The spring that April turned seventeen, she fell in love. Not so much with a boy her age but with two little boys much younger than her. Sammy Mcintyre was six-years-old and his brother Finley was four-years-old, each with curly red hair and beautiful green eyes. They were ladykillers-in-the-making, rambunctious and strong and full of life.
The boys’ parents seemed positively evil. Even in front of the children or in front of April, they were always fighting about money. April couldn’t figure out why, seeing as they had plenty of it and lived in the best development in Lincoln Park on the North Side of Chicago. When April came to sit for them, she had to take the train for forty-five minutes from her Mom’s one-bedroom flat on the West Side. The building where the McIntyre’s lived was a beautiful modern structure inside and out. Everything inside was made of glass or steel or was an impossibly-clean ivory or celery color. It looked like a catalog for furniture was stupidly expensive to buy.
When she returned home to her mother at night, the fights over money were real. Babysitting money was April’s only income and on weeks where her Mom was having trouble at work, she didn’t even get to keep that. And it was no better with her Mom nagging her about snagging a boyfriend while she was on the classy side of town.
“Get yourself an established man while you’re gorgeous, honey,” Patricia Ewing would say. “And for God’s sake, get your hooks deep into him before he sees you get fucking old!” Then she’d take another drag on her joint and put her dark glasses back on.
April got plenty of attention from boys, so she knew that she had the goods that they liked: perky C-cup breasts, a flat and smooth tummy with a narrow waist and shoulder-length, and natural blonde hair the soft hue of autumn wheat. Her hips and legs had a slender but curvacious shape, she thought, and a petite gap between her thighs completed a chic, year-round bikini body. She worked hard for that body and was certainly proud of it.
She wasn’t all Barbie-doll, though. For example: her face was more on the soft and round Mandy Moore/Kelly Clarkson side which she wasn’t at all crazy about. She wished that she had the bone structure of an Emma Watson or Emma Stone but she did have full lips and a wide grin full of straight teeth like a young Julia Roberts. That mouth made her face stand out as pretty and fun and flirty when she smiled, so she did a lot of that (whether there was something to smile about or not). Blue eyes to compliment her nordic hair would have done her splendidly but apparently Karma had managed to defy the odds and let her inherit her deadbeat father’s chocolate-brown eyes. If she could only have brought herself to learn to play the guitar and pull on some daisy dukes, she might have had it made as a country music singer. But a girl’s gotta have some standards.
Still, she was very pretty and it was hard not to let it get to her head. Several times, she had been approached by people to pose for art classes, catalogs, budoir photography, etc. Every time that she asked her mother if she would sign a parental release, Patricia would scold her with: “A man who wants to take care of you doesn’t want to share you with every horny-toad boy in America, April!”
Such an uptight bitch, April thought as she shook her head. Knowing that there was a man out there who had just walked away had really done a number on Patricia’s psyche, April decided. Not just knowing that he had left but that he was out there living – at least, as far either of them knew – and probably moved on to the next pretty young thing or the next one after that and spending April’s child support money on his young prize, instead.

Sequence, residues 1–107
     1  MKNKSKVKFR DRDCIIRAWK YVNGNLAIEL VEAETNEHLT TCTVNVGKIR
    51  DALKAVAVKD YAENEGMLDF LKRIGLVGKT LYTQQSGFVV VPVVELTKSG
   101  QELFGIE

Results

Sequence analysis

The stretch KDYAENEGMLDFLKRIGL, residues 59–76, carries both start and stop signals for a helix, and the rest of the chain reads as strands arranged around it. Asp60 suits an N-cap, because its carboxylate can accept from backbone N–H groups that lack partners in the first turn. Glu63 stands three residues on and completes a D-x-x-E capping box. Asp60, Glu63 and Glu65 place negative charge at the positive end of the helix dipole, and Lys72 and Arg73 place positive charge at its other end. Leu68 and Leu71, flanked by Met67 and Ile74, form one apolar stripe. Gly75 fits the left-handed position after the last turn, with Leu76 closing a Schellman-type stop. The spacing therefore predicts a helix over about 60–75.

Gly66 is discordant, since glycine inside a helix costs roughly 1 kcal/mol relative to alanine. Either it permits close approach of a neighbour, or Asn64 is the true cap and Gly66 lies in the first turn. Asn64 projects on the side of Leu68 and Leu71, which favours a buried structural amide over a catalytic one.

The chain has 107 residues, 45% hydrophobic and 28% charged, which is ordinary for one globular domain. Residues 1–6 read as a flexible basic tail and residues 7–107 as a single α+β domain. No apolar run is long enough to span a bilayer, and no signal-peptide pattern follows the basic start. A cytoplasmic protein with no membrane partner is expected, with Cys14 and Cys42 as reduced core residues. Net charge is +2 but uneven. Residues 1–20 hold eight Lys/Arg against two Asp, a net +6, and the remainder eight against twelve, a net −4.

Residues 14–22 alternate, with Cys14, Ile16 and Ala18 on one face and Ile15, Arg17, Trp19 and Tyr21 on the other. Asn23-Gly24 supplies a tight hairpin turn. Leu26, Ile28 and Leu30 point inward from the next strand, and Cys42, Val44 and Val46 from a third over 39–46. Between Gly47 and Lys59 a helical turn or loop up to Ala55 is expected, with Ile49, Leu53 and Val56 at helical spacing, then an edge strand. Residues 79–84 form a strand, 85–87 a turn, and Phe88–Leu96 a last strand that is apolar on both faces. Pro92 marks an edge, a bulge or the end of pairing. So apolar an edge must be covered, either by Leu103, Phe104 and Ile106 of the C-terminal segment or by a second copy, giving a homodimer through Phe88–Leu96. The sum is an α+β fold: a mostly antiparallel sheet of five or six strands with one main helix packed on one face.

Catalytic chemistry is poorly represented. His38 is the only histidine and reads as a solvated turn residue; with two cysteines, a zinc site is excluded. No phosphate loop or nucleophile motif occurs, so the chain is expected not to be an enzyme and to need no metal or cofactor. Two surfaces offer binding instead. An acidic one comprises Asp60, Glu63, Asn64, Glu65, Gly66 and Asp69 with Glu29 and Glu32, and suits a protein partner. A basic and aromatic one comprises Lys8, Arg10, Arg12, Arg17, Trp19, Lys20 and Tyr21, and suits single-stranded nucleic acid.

Either that or he was dead, somewhere. Neither April nor Patricia knew and they had both given up waiting on the hope that the asshole was coming back. At one time, Patricia must have loved him, April hoped. He must have thought she was pretty back then, too. Maybe he even saw more in her laugh or in her joyful smile – whatever those looked like. Maybe it was this bitchy hag that Patricia had turned into that drove her man to leave and not the other way around. April had no way of knowing.
Bill and Marina McIntyre, however, were the epitome of a marital mismatch. He worked from his home office while she spent most of her days and evenings dressed up like she was Heidi Klum, going to speeches and fundraisers for Michael Ferris, the Republican candidate for Governor of Illinois. She was his main fundraiser and answered directly to his campaign manager. That post couldn’t have paid well but it didn’t matter to Marina, who seemed to have come from big family money.
April’s Mom had recommended her when one of the ladies she cleaned for was asking for a part-time regular babysitter. The lady was one of Marina’s subordinates who had whined that Marina didn’t have enough time for their candidate because her self-righteous husband wasted his time for his sons shut in behind his office door – that Marina needed someone to help out. After a week of coming over after school, April quickly saw that those reports were sorely exaggerated. Sure, he was generally working late every day, but Sammy and Finley’s Dad was a really hard worker. He was always on the phone, talking to clients, even coming out to make a sandwich for his dinner, he would have to make the sandwich and eat it while virtually yelling numbers, projections and company policies over other callers in the conference calls. Upstairs, she could even hear him talking on speakerphone while he rowed on his rowing machine.
At first, Bill McIntyre had seemed reluctant about having April around the house. He had hardly said two words to her beyond “Hello” or “Thanks for your help” – which was fine with April – but things became strange when they accidentally brushed against one another as she was blindly racing out of the bathroom in the hall.